Sitting at Rapidan Dam a week and a half ago, contemplating whether I should continue to go forward or head back to the Twin Cities, I was unaware of my path forward from that point. It was like standing in a dense fog and simply walking forward. The road out to Mankato and back was lonely, especially as I contemplated traversing literally thousands of miles of rural highway through the heartland of our country. There were times that I felt that loneliness keenly, accepting it, knowing that at times in life it is actually better to be alone and naked against the world, that sometimes--perhaps often--the road forward requires it.
Looking back over the landscape of my life, I remember the intense loneliness I felt at times. As a child, hiding my true nature to avoid the cruel scrutiny of those who would ridicule what they couldn't understand. The parched lands of religion, where judges and teachers are a dime a dozen, but friends rank among the nonexistence. The dark days in Ethiopia when I feared facing the truth that religion was not what I thought it should be, and there were no others to admit it. A lifeless, sexless marriage. The desperation of loving someone too much, perhaps for good reasons, but not knowing the necessity of detachment. It was when I realized that loneliness is not the worst fate to befall us, but to abandon oneself to end loneliness is perhaps the worst crime we can commit.
Immediately after arriving at the hostel, I began to make friends, people I doubted existed in the world, people looking to live full, rich lives with courage and vision, trusting their instincts and turning a deaf ear to naysayers. This is a tribe of people who have come to know themselves and use that knowledge to live the life they know they should.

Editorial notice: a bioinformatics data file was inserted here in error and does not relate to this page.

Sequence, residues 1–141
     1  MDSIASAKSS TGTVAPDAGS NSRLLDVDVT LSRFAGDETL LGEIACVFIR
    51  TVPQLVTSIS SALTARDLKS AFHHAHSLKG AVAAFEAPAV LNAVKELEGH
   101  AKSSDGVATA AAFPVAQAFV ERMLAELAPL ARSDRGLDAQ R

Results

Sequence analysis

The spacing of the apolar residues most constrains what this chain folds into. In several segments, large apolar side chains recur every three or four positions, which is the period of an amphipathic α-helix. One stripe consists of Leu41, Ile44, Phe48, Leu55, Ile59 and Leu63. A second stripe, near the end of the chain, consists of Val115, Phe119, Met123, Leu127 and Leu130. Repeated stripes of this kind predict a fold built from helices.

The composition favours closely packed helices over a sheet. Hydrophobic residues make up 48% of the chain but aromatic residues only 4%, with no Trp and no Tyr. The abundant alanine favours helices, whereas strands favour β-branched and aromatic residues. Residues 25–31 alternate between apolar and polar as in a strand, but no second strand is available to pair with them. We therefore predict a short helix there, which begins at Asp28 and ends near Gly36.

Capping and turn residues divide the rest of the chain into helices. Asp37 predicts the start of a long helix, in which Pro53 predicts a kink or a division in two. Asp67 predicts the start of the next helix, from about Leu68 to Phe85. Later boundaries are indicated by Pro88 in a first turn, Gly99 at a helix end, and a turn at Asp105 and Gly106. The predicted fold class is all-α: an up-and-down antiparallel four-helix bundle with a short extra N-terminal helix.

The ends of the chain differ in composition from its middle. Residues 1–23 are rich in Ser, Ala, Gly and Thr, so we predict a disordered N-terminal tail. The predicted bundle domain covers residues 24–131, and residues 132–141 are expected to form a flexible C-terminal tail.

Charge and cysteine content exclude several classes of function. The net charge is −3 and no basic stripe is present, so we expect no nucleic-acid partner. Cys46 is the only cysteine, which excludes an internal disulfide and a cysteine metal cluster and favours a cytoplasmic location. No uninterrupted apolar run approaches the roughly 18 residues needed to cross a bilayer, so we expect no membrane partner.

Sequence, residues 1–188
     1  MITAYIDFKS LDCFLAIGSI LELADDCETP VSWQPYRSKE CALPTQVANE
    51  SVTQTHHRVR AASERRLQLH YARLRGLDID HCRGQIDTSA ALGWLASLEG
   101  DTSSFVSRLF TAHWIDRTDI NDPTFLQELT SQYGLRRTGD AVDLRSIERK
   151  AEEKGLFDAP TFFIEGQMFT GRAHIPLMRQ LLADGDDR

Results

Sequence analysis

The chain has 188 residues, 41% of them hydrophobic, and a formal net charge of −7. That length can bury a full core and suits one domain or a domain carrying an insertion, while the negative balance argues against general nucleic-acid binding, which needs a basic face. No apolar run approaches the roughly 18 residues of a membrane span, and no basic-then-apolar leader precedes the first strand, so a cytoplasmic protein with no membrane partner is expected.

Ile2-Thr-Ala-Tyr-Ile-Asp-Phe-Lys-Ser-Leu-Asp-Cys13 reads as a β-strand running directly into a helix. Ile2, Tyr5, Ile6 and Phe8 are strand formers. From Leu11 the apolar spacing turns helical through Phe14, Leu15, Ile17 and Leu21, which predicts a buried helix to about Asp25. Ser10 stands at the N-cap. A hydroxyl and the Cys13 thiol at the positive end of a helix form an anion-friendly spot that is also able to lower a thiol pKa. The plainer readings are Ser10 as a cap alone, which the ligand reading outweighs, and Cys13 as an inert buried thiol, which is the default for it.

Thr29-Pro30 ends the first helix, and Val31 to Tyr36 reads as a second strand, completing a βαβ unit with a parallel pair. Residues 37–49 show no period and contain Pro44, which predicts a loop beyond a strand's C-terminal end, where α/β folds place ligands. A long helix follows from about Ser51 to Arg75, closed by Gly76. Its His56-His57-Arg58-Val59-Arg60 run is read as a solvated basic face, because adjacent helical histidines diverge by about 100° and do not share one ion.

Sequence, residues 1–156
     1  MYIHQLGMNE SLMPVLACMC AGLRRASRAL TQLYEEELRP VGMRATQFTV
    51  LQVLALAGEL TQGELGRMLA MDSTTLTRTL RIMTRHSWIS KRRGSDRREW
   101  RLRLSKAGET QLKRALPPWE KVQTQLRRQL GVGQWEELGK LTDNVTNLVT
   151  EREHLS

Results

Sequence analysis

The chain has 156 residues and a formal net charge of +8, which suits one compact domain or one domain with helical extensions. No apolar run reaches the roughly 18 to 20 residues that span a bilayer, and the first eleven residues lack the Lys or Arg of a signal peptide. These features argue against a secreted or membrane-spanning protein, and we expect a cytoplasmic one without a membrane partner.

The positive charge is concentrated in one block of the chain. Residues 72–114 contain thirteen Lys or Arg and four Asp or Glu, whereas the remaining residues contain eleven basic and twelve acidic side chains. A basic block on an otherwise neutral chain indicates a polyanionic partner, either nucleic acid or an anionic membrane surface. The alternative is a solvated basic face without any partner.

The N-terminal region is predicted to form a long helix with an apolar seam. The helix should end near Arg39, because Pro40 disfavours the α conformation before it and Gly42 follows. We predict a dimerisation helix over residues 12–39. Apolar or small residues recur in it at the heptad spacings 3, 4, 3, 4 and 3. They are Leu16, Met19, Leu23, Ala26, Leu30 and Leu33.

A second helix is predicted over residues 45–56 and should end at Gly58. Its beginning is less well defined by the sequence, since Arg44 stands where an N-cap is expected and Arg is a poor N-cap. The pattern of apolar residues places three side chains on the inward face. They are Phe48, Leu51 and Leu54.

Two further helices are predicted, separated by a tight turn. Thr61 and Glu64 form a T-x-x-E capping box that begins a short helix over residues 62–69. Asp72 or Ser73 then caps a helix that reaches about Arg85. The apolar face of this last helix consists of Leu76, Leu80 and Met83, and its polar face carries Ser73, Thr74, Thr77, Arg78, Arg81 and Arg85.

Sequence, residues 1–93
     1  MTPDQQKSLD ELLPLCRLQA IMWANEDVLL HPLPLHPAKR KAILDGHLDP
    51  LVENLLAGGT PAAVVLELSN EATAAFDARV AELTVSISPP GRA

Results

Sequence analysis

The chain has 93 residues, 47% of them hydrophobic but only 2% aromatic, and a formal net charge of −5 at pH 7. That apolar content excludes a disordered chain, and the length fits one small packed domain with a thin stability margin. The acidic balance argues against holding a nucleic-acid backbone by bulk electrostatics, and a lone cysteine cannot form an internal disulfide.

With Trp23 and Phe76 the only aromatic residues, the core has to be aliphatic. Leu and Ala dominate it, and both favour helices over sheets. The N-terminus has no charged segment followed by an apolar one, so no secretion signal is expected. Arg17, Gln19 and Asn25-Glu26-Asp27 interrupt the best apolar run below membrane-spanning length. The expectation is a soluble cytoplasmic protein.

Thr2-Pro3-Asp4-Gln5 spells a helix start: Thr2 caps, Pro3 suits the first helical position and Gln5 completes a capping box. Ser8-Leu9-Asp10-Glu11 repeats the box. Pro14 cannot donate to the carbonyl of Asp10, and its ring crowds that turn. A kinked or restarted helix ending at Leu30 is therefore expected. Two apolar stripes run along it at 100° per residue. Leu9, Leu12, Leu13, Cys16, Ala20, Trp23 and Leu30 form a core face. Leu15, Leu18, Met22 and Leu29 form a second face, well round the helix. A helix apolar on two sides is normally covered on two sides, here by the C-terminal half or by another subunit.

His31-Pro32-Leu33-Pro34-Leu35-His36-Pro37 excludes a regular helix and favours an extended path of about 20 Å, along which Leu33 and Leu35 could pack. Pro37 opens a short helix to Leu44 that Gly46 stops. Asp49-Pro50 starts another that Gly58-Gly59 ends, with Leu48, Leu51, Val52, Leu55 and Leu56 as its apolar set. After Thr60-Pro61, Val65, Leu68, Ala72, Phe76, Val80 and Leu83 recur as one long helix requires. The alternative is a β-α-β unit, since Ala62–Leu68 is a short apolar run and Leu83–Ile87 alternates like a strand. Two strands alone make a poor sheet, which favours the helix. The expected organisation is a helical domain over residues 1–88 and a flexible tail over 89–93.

One of the things I learned during the dark days of grief was that we tend to attract people who validate our view of the world. However we conceive relationships, others, and their affects upon us, people will come into our lives that make such conclusions and assumptions irrefutable within the context of our experiences. The encouraging thing is that perhaps the cool people emerging in my life are the result of my own acquiring of a different set of beliefs.
One day after the next, I have met one person after another who shares a passion for life, for living it to the fullest, for standing against fear and embracing the destiny that is unfurling before them. At times when it seems the way has gotten dark and threatening, someone comes along who says, "You're doing the right thing. Hang in there. Hold on. Believe." My new friend Tracy told me today, "You belong in LA. You need to stay here. You can do it. God will give you what you need."
I'm here to stay. I've found my place. I'm finding my tribe. I'm finding my destiny.